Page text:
Page 3: Looks like The Sun will now just be mildly sexist instead of explicitly sexist

The Sun appears to have quietly stopped publishing pictures of topless models on Page 3 after 44 years. This is what you need to know:

What exactly is going on?

It looks like one of the most controversial features on Fleet Street has been dropped. The Sun has not yet confirmed the decision, first reported in the Guardian, but its sister paper The Times (£) reports this morning that Friday’s paper was the last ever to carry a picture of a topless model on Page 3. It added The Sun will continue to feature pictures of topless models on its website and Page 3 models will still be at events.

A spokesperson for The Sun did not confirm or deny the decision, but said: "Page 3 of The Sun is where it’s always been, between pages 2 and 4, and you can find Lucy from Warwick at"

It is thought that rather than topless models on its Page 3, the paper will now feature scantily clad women - i.e. The Sun will just be mildly rather than explicitly sexist, like the rest of the media.

This is this morning's Page 3, featuring actresses Jennifer Metcalfe, 31, and Gemma Merna, 30, in bikinis.

What's behind the decision?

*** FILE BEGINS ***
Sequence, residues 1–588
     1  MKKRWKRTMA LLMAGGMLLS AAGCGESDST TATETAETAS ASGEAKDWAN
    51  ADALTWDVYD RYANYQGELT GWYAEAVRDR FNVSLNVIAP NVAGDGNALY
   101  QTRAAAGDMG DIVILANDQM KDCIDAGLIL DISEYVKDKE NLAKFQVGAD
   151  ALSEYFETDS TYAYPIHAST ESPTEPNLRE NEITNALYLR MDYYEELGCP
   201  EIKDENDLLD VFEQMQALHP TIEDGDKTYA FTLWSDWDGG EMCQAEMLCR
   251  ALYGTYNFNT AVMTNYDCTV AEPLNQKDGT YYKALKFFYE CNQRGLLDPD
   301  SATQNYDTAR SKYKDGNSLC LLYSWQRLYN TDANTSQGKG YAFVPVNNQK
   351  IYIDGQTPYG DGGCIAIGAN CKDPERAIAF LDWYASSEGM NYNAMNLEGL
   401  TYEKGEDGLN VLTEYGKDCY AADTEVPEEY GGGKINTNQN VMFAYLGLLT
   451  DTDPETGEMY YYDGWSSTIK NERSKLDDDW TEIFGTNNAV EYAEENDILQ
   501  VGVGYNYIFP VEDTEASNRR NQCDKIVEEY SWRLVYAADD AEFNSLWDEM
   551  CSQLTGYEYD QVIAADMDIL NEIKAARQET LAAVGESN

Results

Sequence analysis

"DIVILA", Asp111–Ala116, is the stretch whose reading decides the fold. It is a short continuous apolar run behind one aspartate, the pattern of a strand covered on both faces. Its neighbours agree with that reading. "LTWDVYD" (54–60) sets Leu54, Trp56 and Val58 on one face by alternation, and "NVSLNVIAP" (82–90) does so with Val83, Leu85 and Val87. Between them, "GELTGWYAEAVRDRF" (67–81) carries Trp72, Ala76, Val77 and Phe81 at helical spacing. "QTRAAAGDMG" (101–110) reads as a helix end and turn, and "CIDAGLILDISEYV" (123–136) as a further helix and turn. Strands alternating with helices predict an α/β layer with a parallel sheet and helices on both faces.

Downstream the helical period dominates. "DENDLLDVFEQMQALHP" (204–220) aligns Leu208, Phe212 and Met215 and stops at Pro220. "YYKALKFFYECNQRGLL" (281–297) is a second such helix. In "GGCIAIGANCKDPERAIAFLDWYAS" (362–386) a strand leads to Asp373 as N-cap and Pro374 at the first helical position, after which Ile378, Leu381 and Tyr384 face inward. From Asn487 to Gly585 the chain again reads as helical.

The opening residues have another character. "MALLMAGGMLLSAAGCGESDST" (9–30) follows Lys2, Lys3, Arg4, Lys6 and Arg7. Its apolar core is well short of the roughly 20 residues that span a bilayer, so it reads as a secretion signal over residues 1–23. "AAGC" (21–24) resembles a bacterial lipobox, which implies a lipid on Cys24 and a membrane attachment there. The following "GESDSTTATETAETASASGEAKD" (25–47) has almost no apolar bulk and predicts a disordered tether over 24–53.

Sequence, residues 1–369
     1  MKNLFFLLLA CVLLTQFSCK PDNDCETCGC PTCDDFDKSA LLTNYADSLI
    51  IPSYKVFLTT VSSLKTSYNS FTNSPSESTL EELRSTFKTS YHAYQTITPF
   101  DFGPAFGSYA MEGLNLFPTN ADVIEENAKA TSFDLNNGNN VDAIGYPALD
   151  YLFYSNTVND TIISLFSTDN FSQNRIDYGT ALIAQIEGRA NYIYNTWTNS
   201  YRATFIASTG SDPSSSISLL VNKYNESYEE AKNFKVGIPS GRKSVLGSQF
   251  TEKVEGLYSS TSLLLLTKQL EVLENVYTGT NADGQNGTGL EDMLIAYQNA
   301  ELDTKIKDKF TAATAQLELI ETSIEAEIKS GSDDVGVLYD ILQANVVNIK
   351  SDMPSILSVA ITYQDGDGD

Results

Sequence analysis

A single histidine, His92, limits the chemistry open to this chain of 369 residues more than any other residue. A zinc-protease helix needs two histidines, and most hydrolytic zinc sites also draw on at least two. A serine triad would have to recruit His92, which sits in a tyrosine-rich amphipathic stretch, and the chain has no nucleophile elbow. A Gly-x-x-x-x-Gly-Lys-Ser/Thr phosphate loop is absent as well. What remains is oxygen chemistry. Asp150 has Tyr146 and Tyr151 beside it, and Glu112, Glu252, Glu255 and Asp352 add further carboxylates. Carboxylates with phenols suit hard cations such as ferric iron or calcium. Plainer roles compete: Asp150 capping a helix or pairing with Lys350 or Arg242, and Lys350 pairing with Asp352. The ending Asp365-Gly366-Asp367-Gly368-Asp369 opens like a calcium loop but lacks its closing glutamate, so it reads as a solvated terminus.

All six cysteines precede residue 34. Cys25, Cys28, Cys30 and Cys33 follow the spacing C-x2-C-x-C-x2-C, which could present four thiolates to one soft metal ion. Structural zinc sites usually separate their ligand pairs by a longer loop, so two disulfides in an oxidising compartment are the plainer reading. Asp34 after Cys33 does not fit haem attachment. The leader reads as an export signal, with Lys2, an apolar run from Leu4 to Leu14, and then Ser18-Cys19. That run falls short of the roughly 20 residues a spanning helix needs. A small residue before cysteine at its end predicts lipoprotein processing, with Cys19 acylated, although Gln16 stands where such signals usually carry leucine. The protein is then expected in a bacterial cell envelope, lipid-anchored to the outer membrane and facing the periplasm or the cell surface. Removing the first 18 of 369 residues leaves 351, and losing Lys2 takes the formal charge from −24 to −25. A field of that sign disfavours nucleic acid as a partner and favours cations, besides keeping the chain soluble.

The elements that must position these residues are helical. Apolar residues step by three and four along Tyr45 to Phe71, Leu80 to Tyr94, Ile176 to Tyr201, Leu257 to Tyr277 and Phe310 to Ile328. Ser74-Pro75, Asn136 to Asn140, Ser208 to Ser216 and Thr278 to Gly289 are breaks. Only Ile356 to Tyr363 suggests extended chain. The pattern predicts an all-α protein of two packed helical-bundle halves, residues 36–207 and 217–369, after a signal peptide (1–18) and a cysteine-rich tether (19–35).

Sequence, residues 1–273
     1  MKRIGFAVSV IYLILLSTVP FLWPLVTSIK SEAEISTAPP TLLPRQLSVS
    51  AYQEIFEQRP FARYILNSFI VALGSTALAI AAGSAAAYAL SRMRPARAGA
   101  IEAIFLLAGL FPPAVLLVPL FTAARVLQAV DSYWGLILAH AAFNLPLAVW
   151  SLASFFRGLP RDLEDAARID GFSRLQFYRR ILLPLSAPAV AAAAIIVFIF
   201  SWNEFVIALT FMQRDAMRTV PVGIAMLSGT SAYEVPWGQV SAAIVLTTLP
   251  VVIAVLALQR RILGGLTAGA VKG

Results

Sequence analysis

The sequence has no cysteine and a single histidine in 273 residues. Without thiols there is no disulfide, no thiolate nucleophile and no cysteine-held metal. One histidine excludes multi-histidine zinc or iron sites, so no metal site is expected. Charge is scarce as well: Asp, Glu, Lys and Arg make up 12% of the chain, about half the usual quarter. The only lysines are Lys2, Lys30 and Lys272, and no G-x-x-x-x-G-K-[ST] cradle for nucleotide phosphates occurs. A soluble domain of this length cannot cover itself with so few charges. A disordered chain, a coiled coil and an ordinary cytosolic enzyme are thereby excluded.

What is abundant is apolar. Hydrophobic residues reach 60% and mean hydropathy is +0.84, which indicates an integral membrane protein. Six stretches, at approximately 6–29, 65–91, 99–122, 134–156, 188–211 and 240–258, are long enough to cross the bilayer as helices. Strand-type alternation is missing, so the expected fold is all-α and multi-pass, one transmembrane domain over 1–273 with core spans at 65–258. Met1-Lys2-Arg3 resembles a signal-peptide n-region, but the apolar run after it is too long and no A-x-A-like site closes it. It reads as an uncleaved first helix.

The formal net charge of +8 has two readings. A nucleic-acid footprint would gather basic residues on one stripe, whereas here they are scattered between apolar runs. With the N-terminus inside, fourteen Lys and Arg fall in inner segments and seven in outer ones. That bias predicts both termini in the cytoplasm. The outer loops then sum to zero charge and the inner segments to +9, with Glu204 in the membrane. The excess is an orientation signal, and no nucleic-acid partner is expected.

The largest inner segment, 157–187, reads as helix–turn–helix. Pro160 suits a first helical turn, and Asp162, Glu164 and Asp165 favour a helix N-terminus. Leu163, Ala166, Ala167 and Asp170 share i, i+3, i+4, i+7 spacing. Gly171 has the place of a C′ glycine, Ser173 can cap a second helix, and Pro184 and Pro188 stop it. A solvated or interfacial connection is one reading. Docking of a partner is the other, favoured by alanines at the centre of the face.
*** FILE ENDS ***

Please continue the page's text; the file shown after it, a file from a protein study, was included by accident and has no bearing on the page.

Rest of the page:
Rupert Murdoch, the owner of The Sun, has recently hinted at axing Page 3 twice. In September 2014 he said it was “old-fashioned” (he had a point, it began in 1970), while in February 2013 Murdoch replied to a tweet about the feature being “last century” saying “you maybe [sic] right, don’t know but considering". A senior executive told the Guardian the decision to drop the feature came "from high up, from New York" - a reference to Murdoch.

How have people reacted?

No More Page 3, which has been campaigning for The Sun to drop topless models on Page 3 since 2012, said: "This could be truly historic news and a great day for people power... We don't know the details for sure and there'still [sic] lots to be done... But this could be a huge step for challenging media sexism." The group even has its own celebratory graphic.

Not everyone is as delighted. Several Twitter users have criticised the move as a form of censorship, some under the (slightly absurd) hashtag #Jesuispage3. Piers Morgan tweeted: "What next for Britain's feminists - a ban on topless sunbathing?"

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